I stopped trying to fix every little technical thing on my site myself. I started paying WPCurve to do it for me. (I’m reviewing this at the moment since GoDaddy bought them, but that’s another story.) And it was wonderful. I’d just email an instruction and wait for the issue to be fixed – usually promptly. It cost a little money, but I saved hours in researching solutions and testing them. Identifying incompatible plugins and finding alternatives became someone else’s problem.

As for social media – oh my God I love Buffer!

Technically, this isn’t so much outsourcing as batching, but it’s a great time-saver anyway. Once a week I have an appointment with myself to check and fill my Buffer queues. Tweets and LinkedIn status updates go out for the rest of the week without me having to pay attention. I still log in and check what’s happening. I answer comments, look at what else is being shared, try to comment and add value. But this is now networking outreach and interaction rather than filling a hungry content machine.

(BTW, if you use Buffer, get the Chrome extension. You can share anything interesting you find on the web without having to leave the page – and if you use the power scheduler, you can share it multiple times. Some weeks I log on to check I have content scheduled and I’m full already! Plus, this helps you to be a generous contributor rather than always banging on about your own content.)

4. Work with a mentor or coach.

two fingers made up with pen faces and fake hats to look like students graduatingRunning a business can be lonely. It’s good to have someone to bounce ideas off.

If you report to yourself, your boss often accepts your excuses. A (good) mentor doesn’t. he or she challenges you. Asks why. Asks what you could have done differently. Questions the priorities you are putting together for next week.

If you’re running a business, self-doubt can be a burden. You can’t confess it to anyone in the team, but it eats at you. And it’s hard to grow business when you don’t believe in yourself. With a mentor, you can be honest and get honest feedback. From someone who believes in you and supports you when things are tough.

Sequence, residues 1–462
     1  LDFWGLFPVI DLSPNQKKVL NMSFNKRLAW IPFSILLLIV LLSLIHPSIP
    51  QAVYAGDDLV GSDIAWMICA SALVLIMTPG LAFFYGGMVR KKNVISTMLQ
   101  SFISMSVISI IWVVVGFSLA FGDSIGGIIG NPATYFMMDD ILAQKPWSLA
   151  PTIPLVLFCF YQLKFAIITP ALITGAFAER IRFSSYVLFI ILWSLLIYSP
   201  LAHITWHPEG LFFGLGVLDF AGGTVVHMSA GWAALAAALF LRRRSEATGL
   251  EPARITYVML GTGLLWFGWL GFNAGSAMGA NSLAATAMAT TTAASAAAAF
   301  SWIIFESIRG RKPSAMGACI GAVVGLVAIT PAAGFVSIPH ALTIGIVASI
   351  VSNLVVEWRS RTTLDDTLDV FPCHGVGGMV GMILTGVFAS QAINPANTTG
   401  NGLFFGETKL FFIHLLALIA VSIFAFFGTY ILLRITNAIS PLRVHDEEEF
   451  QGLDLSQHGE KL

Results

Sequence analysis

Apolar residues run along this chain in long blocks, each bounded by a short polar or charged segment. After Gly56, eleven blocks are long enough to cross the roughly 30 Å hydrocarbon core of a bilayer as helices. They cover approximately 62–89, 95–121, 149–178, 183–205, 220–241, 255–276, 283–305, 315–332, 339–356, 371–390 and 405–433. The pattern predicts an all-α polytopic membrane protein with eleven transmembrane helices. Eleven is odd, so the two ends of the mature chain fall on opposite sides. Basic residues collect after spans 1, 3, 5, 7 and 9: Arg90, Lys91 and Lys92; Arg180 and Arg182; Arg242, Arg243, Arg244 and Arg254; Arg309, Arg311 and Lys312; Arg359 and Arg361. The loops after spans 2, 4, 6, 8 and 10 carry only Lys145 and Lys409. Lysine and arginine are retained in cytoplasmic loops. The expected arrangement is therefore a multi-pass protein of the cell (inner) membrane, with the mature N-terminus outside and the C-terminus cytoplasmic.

I was lucky enough to find a friend who also wanted mentoring. We had regular weekly Skype calls. We talked about what we’d achieved, and more importantly, what we hadn’t achieved. And why we hadn’t achieved it.

Neither of us was good at ticking everything off on our priority lists. But we both achieved more than we would have done if we were only reporting to ourselves.

And we deepened an already good friendship.

(Shameless plug here – NoBull offers marketing mentoring services if that’s something you or your business could do better.)

5. The problem with most content marketing is that there’s too much content and not enough marketing.

Someone shared this on Twitter earlier in the year.

It’s not just clever, it’s true.

It doesn’t matter how great your content is if no one knows about it. And people don’t know about it unless you tell them.

So when you create a great new blog post, tell people about it. Check out this post for some ideas how to do that.

Remember I mentioned growing website traffic as one of my business priorities? In September, I started committing regular time to content promotion as well as content creation.

I increased website traffic by 118% in just one month!

Then I got so busy I stopped promoting my content, and things slowed down again. There’s a lesson there for me to implement in 2017!


So there you have it. 5 things I did differently. 5 things which got me different results.

Some I’ve kept up well. Others have dropped off a bit. Right now, it’s three sleeps till Christmas and I’m going into holiday shutdown mode – urgent client deadlines only, thanks! But I’m certainly going to be driving all these in 2017. Who knows, I may even get my own email newsletter going out as regularly as my clients’ ones do!

What about you? What are you going to do differently in 2017?

Whatever you try, good luck. I hope it brings  you growth, opportunity and success.